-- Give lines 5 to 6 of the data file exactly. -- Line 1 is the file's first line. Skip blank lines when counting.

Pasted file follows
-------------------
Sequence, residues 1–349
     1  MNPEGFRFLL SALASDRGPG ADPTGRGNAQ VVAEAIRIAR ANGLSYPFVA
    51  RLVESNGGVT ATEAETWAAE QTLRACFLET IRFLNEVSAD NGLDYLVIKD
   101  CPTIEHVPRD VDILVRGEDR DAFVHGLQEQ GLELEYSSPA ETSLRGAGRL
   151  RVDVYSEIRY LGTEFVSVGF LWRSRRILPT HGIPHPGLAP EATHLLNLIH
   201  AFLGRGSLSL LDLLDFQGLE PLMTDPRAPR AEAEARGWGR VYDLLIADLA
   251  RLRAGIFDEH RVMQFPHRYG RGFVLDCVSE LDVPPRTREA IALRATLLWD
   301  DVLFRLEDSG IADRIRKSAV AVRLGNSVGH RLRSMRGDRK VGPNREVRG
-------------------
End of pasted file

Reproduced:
   151  RVDVYSEIRY LGTEFVSVGF LWRSRRILPT HGIPHPGLAP EATHLLNLIH
   201  AFLGRGSLSL LDLLDFQGLE PLMTDPRAPR AEAEARGWGR VYDLLIADLA